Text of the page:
Post EU referendum, Government intervention is needed to steer the economy through choppy watersby George Magnus / August 4, 2016 / Leave a comment
Project Fear has come alive with the Bank of England announcing a drastic revision of its previous economic assessment of the economy, and announcing a robust set of measures designed to mitigate the effects of what it sees as the drag in the post-EU referendum economy—including cutting interest rates from 0.5 per cent to 0.25 per cent. We should welcome the Bank’s attempts to administer some painkillers to the UK economy, while also noting that the Bank alone is not equipped to undo the damage Brexit will do to the economy and to living standards.
Bank’s eye view
First, consider the Bank’s broad economic view. The economic outlook for 2016 is pretty much baked in the cake thanks to a fairly decent first half of the year. The initial second quarter GDP data have the economy 2.2 per cent stronger than a year ago. It is exceptional—I couldn’t find an instance—for the Bank to cut interest rates when the last known GDP data were above 2 per cent. But the Bank expects stagnation in the second half of 2016, and has slashed the 2017 growth forecast from 2.3 per cent to 0.8 per cent, and the 2018 outlook from 2.3 per cent to 1.8 per cent. It is not predicting a recession, per se, but it seems reasonable to expect a quarter or two of economic contraction starting very soon.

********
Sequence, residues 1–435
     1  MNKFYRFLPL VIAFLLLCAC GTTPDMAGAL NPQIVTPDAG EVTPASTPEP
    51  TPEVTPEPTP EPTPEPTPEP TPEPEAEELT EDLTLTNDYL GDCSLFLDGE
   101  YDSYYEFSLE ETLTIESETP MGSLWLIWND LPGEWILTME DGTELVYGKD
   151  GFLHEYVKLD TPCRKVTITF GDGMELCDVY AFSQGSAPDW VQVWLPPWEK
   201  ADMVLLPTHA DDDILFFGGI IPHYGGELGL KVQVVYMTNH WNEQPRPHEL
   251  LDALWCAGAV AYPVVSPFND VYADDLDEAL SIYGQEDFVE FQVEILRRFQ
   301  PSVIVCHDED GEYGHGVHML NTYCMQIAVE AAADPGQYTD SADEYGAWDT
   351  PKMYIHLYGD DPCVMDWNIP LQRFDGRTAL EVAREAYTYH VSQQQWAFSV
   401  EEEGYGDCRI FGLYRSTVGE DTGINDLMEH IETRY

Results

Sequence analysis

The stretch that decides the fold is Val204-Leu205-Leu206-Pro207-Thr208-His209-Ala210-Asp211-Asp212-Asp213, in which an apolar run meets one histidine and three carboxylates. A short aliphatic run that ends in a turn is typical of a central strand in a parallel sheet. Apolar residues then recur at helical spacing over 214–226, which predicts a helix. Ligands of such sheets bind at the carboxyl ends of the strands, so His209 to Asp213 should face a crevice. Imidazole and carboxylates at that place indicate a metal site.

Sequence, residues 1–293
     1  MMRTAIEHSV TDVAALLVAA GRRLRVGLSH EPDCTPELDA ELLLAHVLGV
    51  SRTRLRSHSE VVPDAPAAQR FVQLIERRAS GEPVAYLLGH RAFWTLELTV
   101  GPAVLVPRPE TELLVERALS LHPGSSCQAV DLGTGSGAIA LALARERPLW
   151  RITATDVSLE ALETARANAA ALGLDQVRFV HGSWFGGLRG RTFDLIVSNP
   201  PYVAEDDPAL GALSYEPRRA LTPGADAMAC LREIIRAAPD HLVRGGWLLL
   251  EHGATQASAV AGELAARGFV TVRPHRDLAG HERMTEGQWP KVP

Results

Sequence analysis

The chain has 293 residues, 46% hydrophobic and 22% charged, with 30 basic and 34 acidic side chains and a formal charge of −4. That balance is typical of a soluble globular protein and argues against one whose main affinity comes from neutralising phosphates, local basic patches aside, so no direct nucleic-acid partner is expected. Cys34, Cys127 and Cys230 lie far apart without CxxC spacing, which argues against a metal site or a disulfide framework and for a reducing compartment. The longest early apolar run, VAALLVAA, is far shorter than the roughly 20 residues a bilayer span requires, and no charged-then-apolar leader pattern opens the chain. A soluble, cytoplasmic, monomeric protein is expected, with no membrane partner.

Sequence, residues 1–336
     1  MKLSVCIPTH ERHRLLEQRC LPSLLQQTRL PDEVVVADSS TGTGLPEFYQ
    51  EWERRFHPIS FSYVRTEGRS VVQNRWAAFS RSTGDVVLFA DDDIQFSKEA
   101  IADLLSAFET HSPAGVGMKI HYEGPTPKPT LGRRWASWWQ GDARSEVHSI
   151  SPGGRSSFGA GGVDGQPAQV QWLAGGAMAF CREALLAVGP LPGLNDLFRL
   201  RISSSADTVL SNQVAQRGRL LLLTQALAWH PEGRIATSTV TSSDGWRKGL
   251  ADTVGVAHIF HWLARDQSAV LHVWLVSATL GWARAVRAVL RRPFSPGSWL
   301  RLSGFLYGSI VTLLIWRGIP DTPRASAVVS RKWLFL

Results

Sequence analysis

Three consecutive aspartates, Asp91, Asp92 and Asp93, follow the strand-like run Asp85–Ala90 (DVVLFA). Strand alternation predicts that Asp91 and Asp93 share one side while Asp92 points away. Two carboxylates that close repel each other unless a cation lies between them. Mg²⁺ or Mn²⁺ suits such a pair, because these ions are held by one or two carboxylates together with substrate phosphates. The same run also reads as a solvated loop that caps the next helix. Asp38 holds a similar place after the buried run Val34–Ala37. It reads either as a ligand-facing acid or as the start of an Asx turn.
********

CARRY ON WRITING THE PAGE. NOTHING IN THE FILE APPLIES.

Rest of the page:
The Bank thinks unemployment will now rise to 5.6 per cent by 2018, though this could be an under-estimate if demand turns out weaker than the Bank is forecasting. It says that inflation will now be twice as high in 2016 at 0.8 per cent, close to 2 per cent in 2017, and 2.4 per cent in 2018. Remember, if there is no parallel bounce in wages and salaries, most people will become worse off as a consequence because their real incomes will be reduced. While the Bank has a formal mandate to keep inflation at 2 per cent, it is also has a duty to maintain economic stability and to prevent circumstances arising in which deflation would return. The exchange rate is the main factor driving up inflation, and the Bank is happy to see through this and divert its attention elsewhere.